A lake in Montana, US, bore witness to death on a biblical scale after thousands of birds fell to the ground.
The Big Lake Wildlife Management Area west of Molt was covered in carcasses and injured birds after a devastating hailstorm at the weekend (August 17/18).
As residents in the area recovered from the ‘baseball-sized hail’ that flattened crops and smashed windows, Montana Fish, Wildlife & Parks (FWP) were picking up pelicans, cormorants and other birds that suffered at the hands of Mother Nature.
A press release from FWP said biologists were collecting ‘dead ducks and other shorebirds with broken wings, smashed skulls, internal damage and other injuries consistent with massive blunt-force trauma’.
FWP wildlife biologist Justin Paugh estimates that around a third of the birds at the lake – between 11,000 and 13,000 – were either killed or injured in the storm, which was reported to be propelled by 70mph winds.
Of the birds still alive at the lake, Paugh estimates ‘five percent of ducks on the lake and 30 percent to 40 percent of living pelicans and cormorants show some sign of injury or impaired movement – mostly broken wings and broken wing feathers’ and that many will likely not survive their injuries.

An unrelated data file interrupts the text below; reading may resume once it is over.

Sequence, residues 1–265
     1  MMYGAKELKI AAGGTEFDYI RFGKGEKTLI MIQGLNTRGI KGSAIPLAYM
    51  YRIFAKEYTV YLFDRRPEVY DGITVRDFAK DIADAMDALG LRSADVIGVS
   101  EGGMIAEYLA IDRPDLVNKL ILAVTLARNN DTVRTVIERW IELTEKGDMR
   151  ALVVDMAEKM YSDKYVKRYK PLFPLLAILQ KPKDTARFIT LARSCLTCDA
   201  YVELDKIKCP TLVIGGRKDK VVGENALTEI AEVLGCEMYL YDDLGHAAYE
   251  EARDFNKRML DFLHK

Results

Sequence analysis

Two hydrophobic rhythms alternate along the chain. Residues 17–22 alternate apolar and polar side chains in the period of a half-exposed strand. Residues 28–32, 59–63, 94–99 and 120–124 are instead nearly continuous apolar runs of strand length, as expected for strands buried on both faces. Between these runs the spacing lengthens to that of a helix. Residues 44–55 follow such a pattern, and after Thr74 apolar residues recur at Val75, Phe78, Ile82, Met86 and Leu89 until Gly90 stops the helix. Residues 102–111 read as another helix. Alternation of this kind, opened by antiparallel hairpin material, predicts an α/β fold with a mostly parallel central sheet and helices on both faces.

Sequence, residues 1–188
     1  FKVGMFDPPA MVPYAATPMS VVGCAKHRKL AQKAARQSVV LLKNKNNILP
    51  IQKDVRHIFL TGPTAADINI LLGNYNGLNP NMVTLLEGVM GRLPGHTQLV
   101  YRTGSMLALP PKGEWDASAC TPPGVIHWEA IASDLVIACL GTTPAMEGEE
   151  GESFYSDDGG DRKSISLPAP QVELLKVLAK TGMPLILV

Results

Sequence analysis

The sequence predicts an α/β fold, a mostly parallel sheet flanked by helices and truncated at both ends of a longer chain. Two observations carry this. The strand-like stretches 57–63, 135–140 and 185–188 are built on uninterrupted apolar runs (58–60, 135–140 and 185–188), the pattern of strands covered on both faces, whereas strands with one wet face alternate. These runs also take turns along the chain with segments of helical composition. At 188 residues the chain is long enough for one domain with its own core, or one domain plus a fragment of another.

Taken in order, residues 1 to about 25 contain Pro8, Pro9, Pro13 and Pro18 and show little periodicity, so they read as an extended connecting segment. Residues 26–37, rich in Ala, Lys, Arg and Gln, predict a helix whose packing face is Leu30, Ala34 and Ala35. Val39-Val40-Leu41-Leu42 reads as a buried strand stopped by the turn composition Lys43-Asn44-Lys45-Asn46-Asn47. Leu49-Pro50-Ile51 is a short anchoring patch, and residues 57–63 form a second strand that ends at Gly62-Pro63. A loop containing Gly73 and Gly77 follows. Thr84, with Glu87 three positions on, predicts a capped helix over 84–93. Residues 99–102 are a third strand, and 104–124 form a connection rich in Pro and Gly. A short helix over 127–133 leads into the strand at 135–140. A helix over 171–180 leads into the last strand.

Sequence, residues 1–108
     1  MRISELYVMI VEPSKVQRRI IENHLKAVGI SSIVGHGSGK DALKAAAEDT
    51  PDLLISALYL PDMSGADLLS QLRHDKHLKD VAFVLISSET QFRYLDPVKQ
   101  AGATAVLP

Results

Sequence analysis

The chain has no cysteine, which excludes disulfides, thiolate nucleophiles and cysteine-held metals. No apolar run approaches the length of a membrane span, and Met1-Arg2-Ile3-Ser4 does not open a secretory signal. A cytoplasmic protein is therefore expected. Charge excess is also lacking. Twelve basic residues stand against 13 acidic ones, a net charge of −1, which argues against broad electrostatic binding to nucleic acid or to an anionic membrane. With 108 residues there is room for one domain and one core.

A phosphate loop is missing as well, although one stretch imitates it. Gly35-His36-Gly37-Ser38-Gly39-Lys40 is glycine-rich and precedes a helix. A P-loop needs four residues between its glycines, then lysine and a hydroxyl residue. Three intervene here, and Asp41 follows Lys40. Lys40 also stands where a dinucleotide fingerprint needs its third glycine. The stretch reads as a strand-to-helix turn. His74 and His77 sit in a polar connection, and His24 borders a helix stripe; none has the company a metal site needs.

Big Lake Wildlife Management Area is a seasonal lake with shallow waters that functions as a nesting area for dozens of species, including but not limited to Canada geese, double-crested cormorants, shorebirds, gulls, pelicans and other waterfowl.
Due to the onslaught of particularly wet weather, the lake is filled to the brim and the area covers around 4,000 acres.
Paugh and wildlife research specialist Jay Watson have been back at the lake in the days following to continue to assess the situation. One concern they have is that disease – including botulism, a toxin which can cause paralysis and has been previously responsible for widespread deaths among birds – from rotting carcasses could hamper the development of future populations.
In an FWP statement, Paugh said:
On a positive note, the lake is still covered with waterfowl that are alive and healthy. Life will go on.
Last year, Idaho experienced a similarly apocalyptic scene. A flock of more than 100 geese were caught in a wild storm – golf ball-sized hail, thunder and lightning included – and were sent plummeting to the ground.
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After graduating from Glasgow Caledonian University with an NCTJ and BCTJ-accredited Multimedia Journalism degree, Cameron ventured into the world of print journalism at The National, while also working as a freelance film journalist on the side, becoming an accredited Rotten Tomatoes critic in the process. He’s now left his Scottish homelands and took up residence at UNILAD as a journalist.